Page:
If you’re worrying over the future of your aging parent, you’re not alone. Deciding on care for family members often feels incredibly daunting and can cause many to lose sleep at night. In most cases, the inner debate whittles down to one question: to place your parent in a nursing facility, or to care for them at home? Although each side of the coin comes with its own set of benefits, they also have corresponding drawbacks. Many adult children feel overwhelmed by the thought of taking constant care of their aging loved one, opting instead to place them with professionals. However, at-home care taking might not be as difficult as you think, and there are several reasons why it might be a better option than an assisted living center. Here’s why:
The biggest reason for elderly homecare is the comfort it provides for both you and your parent. Senior centers can feel unfamiliar and intimidating, and the added stress could exacerbate their degenerative symptoms. Home care postpones institutionalization, and can thereby extend and improve your loved one’s quality of life. Keeping your aging parent at home affords you peace of mind as well; when they’re living at a care facility, you’re left to wonder whether they’re getting the top-quality attention they deserve. Such unease might just make those sleepless nights even worse.
2. New Technology
Technological innovations alleviate the stress and worry of what could happen when you’re not there. Medical alarm systems will notify you in the case of an accident; from automatic fall detection, to panic buttons for heart attack symptoms, these devices can instantly alert you in instances when your loved one needs emergency assistance. The web makes health care delivery smarter, faster and cheaper, and new gadgets such as home cameras or smart pill boxes makes remote caregiving even easier.
3. Home Improvements
If your aging parent has difficulty moving around, home improvements can help. Simple renovations such as wheelchair ramps, stair lifts, walk in showers and grab bars for bathrooms can dramatically improve seniors’ daily lives. Adding home improvements can increase their sense of independence and offer protection against safety hazard. Medicare and Medicaid won’t pay for additions such as widened hallways, but they can help pay for durable medical equipment including wheelchairs, walkers and bath transfer benches. For the more expensive renovations, there are plenty of financial assistance programs to help accommodate elderly needs.
4. You’re not Alone
Even if you’re the primary caretaker of your parent, it doesn’t mean you’re in this all alone. Chances are you have family members close by who can take on some responsibilities to lighten the load. Try taking care in rotations and assign each person certain days of the week to stop by with groceries, pre-cooked meals, prescriptions, etc. If your parent has a midday doctor’s appointment or needs to get somewhere while you’re at work, there are senior transportation services that can take him or her wherever they need to go. Medicaid will cover these medical trips, but you can also pay for transportation services to drive them to matinees, hair appointments, cooking classes, volunteer events, friendly luncheons and any other activity to keep their social life engaged.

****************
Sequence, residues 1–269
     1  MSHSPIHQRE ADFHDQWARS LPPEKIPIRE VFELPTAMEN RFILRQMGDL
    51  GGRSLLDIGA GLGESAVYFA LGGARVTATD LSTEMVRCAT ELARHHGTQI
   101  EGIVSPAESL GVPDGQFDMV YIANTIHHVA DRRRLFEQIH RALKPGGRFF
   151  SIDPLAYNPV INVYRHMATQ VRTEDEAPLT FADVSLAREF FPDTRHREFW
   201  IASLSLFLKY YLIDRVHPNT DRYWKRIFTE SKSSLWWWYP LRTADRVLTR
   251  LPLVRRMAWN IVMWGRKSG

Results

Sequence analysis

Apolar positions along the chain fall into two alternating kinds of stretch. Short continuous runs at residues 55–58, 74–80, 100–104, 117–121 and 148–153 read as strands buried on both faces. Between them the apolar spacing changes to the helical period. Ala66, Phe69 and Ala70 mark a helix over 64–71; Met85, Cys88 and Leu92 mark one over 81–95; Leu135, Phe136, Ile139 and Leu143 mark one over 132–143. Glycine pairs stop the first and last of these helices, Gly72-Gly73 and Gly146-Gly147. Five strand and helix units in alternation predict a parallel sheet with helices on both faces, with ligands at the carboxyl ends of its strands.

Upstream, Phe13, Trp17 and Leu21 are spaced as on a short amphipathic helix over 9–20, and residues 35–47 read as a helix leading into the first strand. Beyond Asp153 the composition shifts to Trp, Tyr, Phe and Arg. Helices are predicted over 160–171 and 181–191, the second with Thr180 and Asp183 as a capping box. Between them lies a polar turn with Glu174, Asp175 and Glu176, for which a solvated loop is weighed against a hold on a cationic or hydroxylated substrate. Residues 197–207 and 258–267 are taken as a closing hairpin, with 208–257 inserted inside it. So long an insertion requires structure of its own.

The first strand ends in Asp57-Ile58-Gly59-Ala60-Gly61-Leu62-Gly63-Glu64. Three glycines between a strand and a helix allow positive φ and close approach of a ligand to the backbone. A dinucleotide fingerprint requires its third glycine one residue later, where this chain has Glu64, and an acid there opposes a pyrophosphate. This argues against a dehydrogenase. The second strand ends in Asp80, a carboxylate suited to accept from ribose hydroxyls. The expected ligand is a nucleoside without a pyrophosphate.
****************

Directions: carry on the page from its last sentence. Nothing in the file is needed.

5. Hired Help
Another way to keep your aging parent at home would be to hire a professional caregiver to look after them. Some are scared off by the perceived costs of hiring an at-home professional, but in most cases, an hourly rate ends up being considerably less when compared against the cost of a nursing home [note the above graph, which displays the median annual cost of nursing homes in the ten most expensive US states]. This case is especially true when the company you choose offers reasonable rates with simple pricing structures instead of complex monthly contracts. Caregivers will provide personalized, one-on-one care for your loved one, ensuring quality care while remaining in the comfort of their own home. You probably won’t need to hire around-the-clock help just yet, but you could schedule a caregiver to come during an allotted portion of each day to provide personal care, companion care, escorted transportation, housekeeping, meal preparation, and medication reminders.
Of course, at some point, the time will come when your elderly loved one can no longer remain on their own, and it’ll become necessary to reconsider your options. However, you can—and perhaps should—postpone placing them in a home for the above reasons. Keeping your parent comfortable during this transition is of paramount importance, and it’s probably easier and cheaper than you’ve been led to believe. Consider the pros of at-home senior care before making a rushed decision so you’ll know you’re making a well-informed choice and can rest a little easier.